Save Our Water, Health and Environment
Santa Barbara County is under threat of a massive increase in oil production made possible through dangerous and polluting "enhanced" extraction techniques.
A 40-Fold Increase will destroy our environment
As of the beginning of 2015, there are currently applications pending for 629 new steam-injection oil wells in addition to 200 already approved in 2014, and that's just the beginning. One company alone has said it has plans for 7,700 new oil wells in the county. This represents approximately a 40-fold increase in steam injection wells (there are about 200 active currently) and a 10-fold increase in total oil wells. Most of this expansion is around Santa Maria, Orcutt and Lompoc. However, new drilling is also proposed near Los Olivos, on the bluffs and beaches of Carpinteria and Goleta and offshore in the channel.
extreme oil at extreme cost
New extreme techniques have increased oil production in the Canadian tarsands and shale formations of North Dakota and Texas, but at tremendous cost. Those regions have suffered from environmental catastrophes. Cancer and birth defects have been linked to drilling. Earthquakes have increased five-fold. Groundwater has been permanently contaminated.
This oil boom is now coming to Santa Barbara County, and it's not the conventional oil that we've been drilling for a hundred years.
- Steam Injection: This water- and energy-intensive process is one of the techniques behind the Canadian tarsands oil boom and is expanding the most rapidly in Santa Barbara County. It involves steam-heating heavy oil to 500 degrees to fracture rock and melt it out of the ground. This is the most greenhouse gas intensive form of oil production in the world, which also means more local air pollution. In some cases, it may actually use more energy than it creates. It also causes well casings to fail at a high rate and can fracture bedrock and pollute groundwater. In Cold Lake, Canada, a steam-injection spill continued for nearly a year and they were unable to stop it. Here in Santa Barbara County, steam has already caused numerous cases of "oil seeping to the ground surface due to casing leaks." Sometimes it comes up in "violent eruptions." In one case, a California oil worker was sucked into the ground and boiled alive. In another case, polluted water leached into groundwater and killed millions of dollars of almond orchards. The Bureau of Land Management has also cited more earthquakes around waste-water re-injection sites in Santa Barbara County.
- Fracking: This technique involves injecting water, sand and toxic chemicals underground to break up rock and extract oil and gas. The practice has been halted or banned in many states and countries due to water contamination issues, earthquakes and other problems. Fracking is currently happening offshore in the Santa Barbara Channel without oversight. The Federal government is currently being sued for lack of environmental review, and wastewater is being dumped directly into the ocean. Fracking is also happening south of us in Ventura and east of us in Kern County and has happened onshore in Santa Barbara County as well.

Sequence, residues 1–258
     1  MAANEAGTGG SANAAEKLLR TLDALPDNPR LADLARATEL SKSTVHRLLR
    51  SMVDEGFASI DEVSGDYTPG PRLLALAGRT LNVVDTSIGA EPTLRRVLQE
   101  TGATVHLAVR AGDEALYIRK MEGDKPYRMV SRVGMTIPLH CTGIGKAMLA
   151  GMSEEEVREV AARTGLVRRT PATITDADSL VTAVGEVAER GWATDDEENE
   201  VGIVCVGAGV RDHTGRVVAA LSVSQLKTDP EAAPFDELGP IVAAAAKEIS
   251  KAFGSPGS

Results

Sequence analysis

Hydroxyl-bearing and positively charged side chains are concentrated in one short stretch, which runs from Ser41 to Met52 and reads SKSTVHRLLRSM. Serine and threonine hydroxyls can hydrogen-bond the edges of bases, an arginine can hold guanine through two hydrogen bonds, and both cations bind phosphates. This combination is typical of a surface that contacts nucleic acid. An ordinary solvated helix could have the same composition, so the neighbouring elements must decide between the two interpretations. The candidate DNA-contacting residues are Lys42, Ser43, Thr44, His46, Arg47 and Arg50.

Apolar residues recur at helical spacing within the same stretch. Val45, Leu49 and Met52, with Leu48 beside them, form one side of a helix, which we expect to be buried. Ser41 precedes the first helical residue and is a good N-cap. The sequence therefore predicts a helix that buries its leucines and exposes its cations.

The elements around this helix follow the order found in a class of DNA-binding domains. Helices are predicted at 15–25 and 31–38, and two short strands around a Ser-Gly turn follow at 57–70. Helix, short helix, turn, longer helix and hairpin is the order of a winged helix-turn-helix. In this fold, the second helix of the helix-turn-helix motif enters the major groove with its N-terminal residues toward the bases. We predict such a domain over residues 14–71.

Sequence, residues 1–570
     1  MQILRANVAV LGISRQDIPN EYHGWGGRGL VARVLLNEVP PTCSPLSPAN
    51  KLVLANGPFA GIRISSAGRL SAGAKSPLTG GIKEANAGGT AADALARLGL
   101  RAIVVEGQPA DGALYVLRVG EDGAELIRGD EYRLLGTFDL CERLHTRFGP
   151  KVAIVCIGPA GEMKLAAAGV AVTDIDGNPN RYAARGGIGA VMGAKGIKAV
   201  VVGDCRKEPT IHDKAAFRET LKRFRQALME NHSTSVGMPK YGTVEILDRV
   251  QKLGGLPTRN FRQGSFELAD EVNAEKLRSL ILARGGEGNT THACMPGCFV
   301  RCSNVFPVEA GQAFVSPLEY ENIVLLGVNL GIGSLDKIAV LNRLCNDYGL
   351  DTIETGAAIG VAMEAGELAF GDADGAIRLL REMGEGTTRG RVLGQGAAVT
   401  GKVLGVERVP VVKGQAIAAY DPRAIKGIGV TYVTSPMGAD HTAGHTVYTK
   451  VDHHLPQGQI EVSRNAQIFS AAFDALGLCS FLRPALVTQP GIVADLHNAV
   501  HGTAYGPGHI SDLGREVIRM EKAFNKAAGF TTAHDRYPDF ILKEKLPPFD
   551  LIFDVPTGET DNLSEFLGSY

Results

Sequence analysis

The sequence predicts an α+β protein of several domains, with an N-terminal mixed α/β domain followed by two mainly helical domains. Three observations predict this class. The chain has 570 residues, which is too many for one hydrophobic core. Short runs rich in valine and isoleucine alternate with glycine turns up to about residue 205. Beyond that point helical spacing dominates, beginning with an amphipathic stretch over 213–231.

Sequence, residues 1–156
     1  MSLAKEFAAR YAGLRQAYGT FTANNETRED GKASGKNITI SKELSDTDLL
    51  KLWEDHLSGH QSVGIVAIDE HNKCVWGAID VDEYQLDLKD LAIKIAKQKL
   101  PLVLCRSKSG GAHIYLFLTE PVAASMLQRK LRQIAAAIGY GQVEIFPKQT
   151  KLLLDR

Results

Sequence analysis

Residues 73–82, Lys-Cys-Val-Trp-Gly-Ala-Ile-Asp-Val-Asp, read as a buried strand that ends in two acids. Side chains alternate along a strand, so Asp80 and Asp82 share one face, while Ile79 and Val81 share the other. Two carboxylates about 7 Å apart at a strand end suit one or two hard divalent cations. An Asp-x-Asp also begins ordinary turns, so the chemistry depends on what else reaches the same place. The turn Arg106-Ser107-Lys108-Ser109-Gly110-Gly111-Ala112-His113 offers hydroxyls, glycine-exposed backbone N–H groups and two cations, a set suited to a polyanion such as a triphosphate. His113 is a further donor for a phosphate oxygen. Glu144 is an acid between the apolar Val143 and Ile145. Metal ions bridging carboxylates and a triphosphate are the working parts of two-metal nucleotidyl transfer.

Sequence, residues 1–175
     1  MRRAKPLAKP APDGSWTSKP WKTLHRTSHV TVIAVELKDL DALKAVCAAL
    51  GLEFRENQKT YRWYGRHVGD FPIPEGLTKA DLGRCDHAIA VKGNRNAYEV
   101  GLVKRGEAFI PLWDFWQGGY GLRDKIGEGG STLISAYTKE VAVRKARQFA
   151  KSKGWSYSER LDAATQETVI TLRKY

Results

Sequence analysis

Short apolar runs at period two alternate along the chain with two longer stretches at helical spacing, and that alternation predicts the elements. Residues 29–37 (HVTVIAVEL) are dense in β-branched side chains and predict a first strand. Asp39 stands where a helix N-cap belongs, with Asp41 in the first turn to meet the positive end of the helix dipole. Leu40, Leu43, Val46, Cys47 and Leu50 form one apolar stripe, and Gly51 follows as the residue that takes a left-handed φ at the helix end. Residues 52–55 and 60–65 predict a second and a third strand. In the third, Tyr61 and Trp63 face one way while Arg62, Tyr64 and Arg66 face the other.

Acidizing: This is similar to fracking, but instead of breaking up the rock, it uses hydrochloric and hydrofluoric acid to melt the rock. According to the Centers for Disease Control, hydrofluoric acid is one of the most toxic chemicals in industrial use. The CDC lists it as a potential chemical weapon. The United Steelworkers want its use phased out of oil refineries entirely, calling it a risk too great for the steelworkers and the 26 million Americans living near refineries. The EDC has documented acidizing from Platform Holly, the offshore well near UCSB.
Oil production generates very few jobs and puts stresses on the rest of our economy. Industrial oil production tends to crowd other things out. It competes with agriculture for land and water. It creates blight that discourages tourism and technology. It can negatively affect the value of adjacent properties and farms. It increases asthma and other chronic health problems, raising costs and crowding in health care facilities.
All the problems with these techniques -- water use and contamination, earthquakes, etc. -- are worse here in Santa Barbara County where we have a unique and precious environment, limited water, and large populations living in close proximity to proposed wells.
Instead of drilling for more oil, we should build the clean energy economy of the future
Santa Barbara County is at the front-line of the battle against global climate change. At a time when scientists are telling us that climate change is affecting us now in the form of drought, increased wildfires, rising sea levels and other catastrophic impacts, and that these impacts will be irreversible if we do not begin reducing greenhouse gas emissions, it is simply wrong to double down on the most polluting fossil fuel production here in Santa Barbara County where we have plenty of sun and wind and could lead the way in renewable energy.
Instead of drilling for more oil, Santa Barbara County should build the clean energy economy of the future. But it won't happen without a fight. We are up against the most powerful corporations on the planet who will spend whatever it takes to extract every last drop of oil no matter the cost.